On International Women’s Day, Voices from the Slow Food Movement Show that Agroecology Is Key to Promoting Inclusion

05 Mar 2024 | English

“Inspire Inclusion”: That’s the theme of this year’s International Women’s Day, a particularly current and meaningful topic given the current sociopolitical and environmental crises through which we are living.

“Food concerns us all. Yet the role of those who bring food to our tables, and especially the role of women within food systems, is often overlooked and underestimated,” points out Marta Messa, the Slow Food Secretary General. “Across the world, women play a key role in food systems, often doing the heavy lifting, yet with limited decision-making power or land ownership rights.” Inclusion, on the other hand, means creating a society where everyone has the opportunity to fully participate and benefit, regardless of background or identity. “Women can accelerate the transition to sustainable food systems, all the more so within agroecological food systems that are rooted in gender equity, among other principles. The principles of agroecology provide a framework where diversity, equality and justice are tiles within a broader mosaic of sustainable food systems.”

The Slow Food movement amplifies the voices from many communities around the world seeking to elevate the role of women in society, fight against prejudice and violence and advance projects that can help make women free and independent.

Adelaida Bolom Gomez is an indigenous Tseltal and Tsotsil woman from the Nueva Palestina Community in the state of Chiapas, Mexico. She has been involved in community activities her whole life, focusing on granting women access to land and creating a female-led agroecological garden. “We promote food sovereignty and good nutrition to strengthen the identities and role of women in food production, including by preserving local seeds with agroecological practices. We faced difficulties in convincing local groups to give us access to resources such as water and land, but now they understood the value of our work.”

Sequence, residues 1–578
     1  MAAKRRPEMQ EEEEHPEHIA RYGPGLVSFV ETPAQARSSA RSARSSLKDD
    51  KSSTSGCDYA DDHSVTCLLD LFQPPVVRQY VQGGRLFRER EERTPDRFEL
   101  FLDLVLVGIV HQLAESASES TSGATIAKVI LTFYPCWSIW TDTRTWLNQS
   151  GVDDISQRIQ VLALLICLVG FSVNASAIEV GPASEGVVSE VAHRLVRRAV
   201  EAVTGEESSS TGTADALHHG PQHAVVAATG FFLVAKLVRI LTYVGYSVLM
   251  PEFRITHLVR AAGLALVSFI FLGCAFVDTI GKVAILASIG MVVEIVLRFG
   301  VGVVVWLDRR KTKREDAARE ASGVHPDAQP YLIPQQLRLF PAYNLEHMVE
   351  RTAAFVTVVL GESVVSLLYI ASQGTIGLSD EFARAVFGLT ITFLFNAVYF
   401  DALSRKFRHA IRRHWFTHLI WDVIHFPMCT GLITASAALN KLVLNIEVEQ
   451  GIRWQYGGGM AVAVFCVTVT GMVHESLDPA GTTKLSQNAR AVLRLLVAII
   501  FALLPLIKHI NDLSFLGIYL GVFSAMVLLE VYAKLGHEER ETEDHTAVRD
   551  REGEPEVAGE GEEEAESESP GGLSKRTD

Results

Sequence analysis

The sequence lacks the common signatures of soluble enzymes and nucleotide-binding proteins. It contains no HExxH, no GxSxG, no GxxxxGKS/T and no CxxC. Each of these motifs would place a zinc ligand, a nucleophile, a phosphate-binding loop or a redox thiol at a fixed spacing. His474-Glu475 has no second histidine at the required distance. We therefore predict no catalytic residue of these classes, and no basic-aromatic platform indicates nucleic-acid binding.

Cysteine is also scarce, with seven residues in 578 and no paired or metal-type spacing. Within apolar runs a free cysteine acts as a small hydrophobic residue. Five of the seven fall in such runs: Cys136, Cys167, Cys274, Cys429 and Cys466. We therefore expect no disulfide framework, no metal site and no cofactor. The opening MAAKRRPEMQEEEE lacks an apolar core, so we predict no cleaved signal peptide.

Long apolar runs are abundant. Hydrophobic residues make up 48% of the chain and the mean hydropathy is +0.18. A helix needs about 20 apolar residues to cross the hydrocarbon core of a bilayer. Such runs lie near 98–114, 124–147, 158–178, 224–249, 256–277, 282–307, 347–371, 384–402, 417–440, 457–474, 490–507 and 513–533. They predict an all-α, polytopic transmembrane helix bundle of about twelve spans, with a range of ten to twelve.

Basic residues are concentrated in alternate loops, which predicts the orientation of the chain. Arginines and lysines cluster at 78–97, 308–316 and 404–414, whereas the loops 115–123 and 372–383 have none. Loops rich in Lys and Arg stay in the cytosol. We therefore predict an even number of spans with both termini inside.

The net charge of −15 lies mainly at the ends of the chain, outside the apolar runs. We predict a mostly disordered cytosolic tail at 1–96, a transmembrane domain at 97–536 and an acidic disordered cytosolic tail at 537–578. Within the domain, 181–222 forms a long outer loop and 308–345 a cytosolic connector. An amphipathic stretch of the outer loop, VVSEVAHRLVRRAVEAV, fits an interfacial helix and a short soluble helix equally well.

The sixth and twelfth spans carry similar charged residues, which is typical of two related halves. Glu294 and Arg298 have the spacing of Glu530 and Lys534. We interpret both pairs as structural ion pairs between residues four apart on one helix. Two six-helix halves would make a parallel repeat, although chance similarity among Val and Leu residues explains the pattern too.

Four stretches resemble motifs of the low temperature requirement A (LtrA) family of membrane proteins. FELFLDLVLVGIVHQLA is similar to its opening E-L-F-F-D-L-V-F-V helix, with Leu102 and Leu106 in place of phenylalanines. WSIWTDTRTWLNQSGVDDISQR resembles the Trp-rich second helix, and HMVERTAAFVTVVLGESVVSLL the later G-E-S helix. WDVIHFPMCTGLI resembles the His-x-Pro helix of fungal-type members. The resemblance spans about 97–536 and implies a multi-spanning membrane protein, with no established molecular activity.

“The women of the Dyikan Muras network save seeds for future generations,” explains Aida Jamangulova from the Ala-Too Slow Food Community in Kyrgyzstan. “It is mainly women who grow local vegetables to prepare nutritious and healthy food for their families or sell the surplus to the market. Recently they also started organizing local agroecological schools, where more experienced women farmers share their knowledge with younger generations.”

Fatmata Mansaray, a local teacher and organic farmer from Kono District, Sierra Leone, says: “On this Women’s Day, I want to emphasize that the Slow Food Gardens project has been a life-changing and resounding success in the fight for inclusion within our communities, giving us the possibility to engage with local authorities and open doors to educational opportunities that have been transformative for women’s inclusion and empowerment. It stands as a testament to the power of collective action and the transformative potential of empowering women. Together, we are creating a more inclusive and equitable society for all.”

“Being a woman in our wine communities means playing a role that goes far beyond making wine,” says Carolina Alvarado, a wine producer and coordinator of the Slow Wine Marga Marga community in Chile. “It means generating and regenerating, it means nurturing, growing, holding strong bonds, as well as taking care of the land and production. All this always following agroecological principles in total respect for Mother Earth. Our commitment now lies precisely in carrying out training and awareness-raising activities so that women have the knowledge to negotiate a fair price for their land and products, standing up to big industries and large landowners. During the fires that ravaged our biodiversity, we saw how strongly the women held the ties within the community, and with strength they are rebuilding.”

“On March 8 I would like to ask you, free women in the world, to become our voice now that we are made silent, now that our hearts are cold and disappointed with life and our rights have been taken from us,” says a young Afghan woman and activist, whom we cannot name to protect her safety. “For us girls and women in Afghanistan life is now like a prison from which we do not have any hope of getting out, we do not see any light or warmth because no one holds our hands.”